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Today's Stichomancy for Adolf Hitler

The first excerpt represents the element of Air. It speaks of mental influences and the process of thought, and is drawn from This Side of Paradise by F. Scott Fitzgerald:

The horse went over with a frantic whinny. In a minute he was by Eleanor's side and saw that her eyes were open. "Eleanor!" he cried. She did not answer, but her lips moved and her eyes filled with sudden tears. "Eleanor, are you hurt?" "No; I don't think so," she said faintly, and then began weeping. "My horse dead?" "Good God Yes!" "Oh!" she wailed. "I thought I was going over. I didn't know"


This Side of Paradise
The second excerpt represents the element of Fire. It speaks of emotional influences and base passions, and is drawn from Puck of Pook's Hill by Rudyard Kipling:

That smote King Philip's fleet!

See you our little mill that clacks, So busy by the brook? She has ground her corn and paid her tax Ever since Domesday Book.

See you our stilly woods of oak, And the dread ditch beside? O that was where the Saxons broke, On the day that Harold died!

See you the windy levels spread About the gates of Rye?

The third excerpt represents the element of Water. It speaks of pure spiritual influences and feelings of love, and is drawn from Sylvie and Bruno by Lewis Carroll:

through at all," he said. "We must go now." And we followed him obediently to the Ivory Door, which he threw open, and signed to me to go through first.

"You're coming too, aren't you?" I said to Sylvie.

"Yes," she said: "but you won't see us after you've gone through."

"But suppose I wait for you outside?" I asked, as I stepped through the doorway.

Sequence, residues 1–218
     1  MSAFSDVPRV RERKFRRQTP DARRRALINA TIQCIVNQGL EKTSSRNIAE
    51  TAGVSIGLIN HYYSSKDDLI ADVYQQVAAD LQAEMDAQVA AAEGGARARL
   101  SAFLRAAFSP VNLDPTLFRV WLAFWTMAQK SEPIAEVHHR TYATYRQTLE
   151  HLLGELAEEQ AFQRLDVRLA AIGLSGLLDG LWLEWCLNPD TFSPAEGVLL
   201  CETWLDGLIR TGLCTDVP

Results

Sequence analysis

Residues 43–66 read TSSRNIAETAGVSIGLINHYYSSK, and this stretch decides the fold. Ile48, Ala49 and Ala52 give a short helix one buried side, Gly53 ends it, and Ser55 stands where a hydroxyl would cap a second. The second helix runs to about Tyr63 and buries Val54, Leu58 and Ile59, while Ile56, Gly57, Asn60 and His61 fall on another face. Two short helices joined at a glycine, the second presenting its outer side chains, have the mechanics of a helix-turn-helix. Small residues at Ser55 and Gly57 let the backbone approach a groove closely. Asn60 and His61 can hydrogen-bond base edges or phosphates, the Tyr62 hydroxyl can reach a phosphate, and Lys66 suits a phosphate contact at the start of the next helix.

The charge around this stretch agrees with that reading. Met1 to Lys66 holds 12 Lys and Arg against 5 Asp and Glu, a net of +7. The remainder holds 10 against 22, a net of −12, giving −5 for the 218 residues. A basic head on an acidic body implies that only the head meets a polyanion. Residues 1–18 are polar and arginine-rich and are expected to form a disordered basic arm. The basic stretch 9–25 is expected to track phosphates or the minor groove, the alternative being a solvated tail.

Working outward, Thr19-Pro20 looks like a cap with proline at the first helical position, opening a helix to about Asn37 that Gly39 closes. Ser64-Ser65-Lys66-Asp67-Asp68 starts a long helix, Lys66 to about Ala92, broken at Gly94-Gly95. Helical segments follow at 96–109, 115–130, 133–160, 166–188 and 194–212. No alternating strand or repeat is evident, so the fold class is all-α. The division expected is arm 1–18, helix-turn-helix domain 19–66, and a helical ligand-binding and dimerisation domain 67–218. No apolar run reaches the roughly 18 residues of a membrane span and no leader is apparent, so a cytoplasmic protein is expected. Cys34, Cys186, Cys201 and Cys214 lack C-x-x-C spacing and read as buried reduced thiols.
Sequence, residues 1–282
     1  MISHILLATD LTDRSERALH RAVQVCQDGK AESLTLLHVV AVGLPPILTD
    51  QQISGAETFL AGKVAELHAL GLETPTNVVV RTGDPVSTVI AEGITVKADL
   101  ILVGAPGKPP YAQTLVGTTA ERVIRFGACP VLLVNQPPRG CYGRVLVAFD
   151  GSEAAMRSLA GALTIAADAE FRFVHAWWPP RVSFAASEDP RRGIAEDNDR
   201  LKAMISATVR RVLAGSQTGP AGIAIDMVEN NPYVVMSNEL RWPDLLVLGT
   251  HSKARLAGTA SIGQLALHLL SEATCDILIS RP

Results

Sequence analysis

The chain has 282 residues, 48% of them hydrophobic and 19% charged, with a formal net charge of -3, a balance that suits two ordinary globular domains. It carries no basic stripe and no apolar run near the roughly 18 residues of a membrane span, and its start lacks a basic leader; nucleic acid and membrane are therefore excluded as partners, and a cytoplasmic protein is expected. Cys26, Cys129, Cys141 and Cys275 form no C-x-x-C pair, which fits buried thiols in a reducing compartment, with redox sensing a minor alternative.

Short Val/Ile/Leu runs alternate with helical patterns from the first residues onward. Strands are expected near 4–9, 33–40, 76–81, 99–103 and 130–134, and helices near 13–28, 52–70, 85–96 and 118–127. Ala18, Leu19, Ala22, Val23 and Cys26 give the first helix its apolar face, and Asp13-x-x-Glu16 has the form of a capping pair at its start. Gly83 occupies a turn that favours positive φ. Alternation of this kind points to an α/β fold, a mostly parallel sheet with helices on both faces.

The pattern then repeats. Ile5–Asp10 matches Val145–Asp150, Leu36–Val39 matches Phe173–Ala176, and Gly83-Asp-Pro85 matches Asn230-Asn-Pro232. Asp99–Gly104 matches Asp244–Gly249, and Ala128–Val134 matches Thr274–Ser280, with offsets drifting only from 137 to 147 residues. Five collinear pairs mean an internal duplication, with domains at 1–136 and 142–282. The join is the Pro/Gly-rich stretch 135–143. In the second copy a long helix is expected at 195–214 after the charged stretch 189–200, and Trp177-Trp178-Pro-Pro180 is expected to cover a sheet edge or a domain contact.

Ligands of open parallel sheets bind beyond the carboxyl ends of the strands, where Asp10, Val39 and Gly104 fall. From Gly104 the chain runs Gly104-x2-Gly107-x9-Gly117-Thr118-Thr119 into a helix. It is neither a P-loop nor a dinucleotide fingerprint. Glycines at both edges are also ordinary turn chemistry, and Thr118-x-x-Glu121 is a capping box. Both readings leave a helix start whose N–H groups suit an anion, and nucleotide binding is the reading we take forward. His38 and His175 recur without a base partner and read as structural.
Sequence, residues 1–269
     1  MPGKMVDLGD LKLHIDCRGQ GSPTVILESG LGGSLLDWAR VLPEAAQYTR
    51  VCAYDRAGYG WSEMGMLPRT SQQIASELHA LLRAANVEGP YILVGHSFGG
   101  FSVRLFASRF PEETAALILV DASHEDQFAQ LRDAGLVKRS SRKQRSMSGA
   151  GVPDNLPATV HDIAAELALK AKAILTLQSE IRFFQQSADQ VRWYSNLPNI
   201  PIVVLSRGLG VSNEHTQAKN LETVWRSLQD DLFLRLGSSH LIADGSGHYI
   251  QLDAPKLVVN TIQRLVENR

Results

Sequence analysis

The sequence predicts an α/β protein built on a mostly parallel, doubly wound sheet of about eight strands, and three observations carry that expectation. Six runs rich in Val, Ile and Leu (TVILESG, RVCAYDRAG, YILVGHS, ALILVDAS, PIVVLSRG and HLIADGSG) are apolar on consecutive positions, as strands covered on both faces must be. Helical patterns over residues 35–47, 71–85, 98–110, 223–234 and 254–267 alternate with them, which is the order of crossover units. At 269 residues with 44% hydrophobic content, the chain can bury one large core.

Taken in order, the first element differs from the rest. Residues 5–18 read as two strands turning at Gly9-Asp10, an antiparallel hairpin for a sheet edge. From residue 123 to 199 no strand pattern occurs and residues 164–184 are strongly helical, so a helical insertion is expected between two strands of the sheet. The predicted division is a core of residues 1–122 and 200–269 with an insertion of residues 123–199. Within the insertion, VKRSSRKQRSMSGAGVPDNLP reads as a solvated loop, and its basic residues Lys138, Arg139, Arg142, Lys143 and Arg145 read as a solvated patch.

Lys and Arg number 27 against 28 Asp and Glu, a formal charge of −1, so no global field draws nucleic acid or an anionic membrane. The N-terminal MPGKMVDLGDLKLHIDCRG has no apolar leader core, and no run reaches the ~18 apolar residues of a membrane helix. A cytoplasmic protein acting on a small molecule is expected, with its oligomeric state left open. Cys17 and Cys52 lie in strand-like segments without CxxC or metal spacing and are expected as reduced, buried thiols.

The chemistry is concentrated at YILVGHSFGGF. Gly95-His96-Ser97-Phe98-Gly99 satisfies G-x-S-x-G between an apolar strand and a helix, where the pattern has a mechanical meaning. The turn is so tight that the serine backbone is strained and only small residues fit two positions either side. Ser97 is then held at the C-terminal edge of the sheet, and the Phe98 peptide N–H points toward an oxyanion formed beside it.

"In that case," said Sylvie, "I think the potato would be quite justified in asking your weight. I can quite imagine a really superior kidney-potato declining to argue with any one under fifteen stone!"

With a great effort I recovered the thread of my thoughts.


Sylvie and Bruno
The fourth excerpt represents the element of Earth. It speaks of physical influences and the impact of the unseen on the visible world, and is drawn from The Young Forester by Zane Grey:

looked so big and brown that I took up my Winchester. Then it disappeared once more.

I descended into a hollow, and tying Hal, I stole forward on foot, hoping by that means to get close to the strange object without being seen myself.

I waited behind a pine, and suddenly three horsemen rode across a glade not two hundred yards away. The foremost rider was no other than the Mexican whom I had reason to remember.

The huge trunk amply concealed me, but, nevertheless, I crouched down. How strange that I should run into that Mexican again! Where was he going? Had he followed me? Was there a trail?

As long as the three men were in sight I watched them. When the last brown


The Young Forester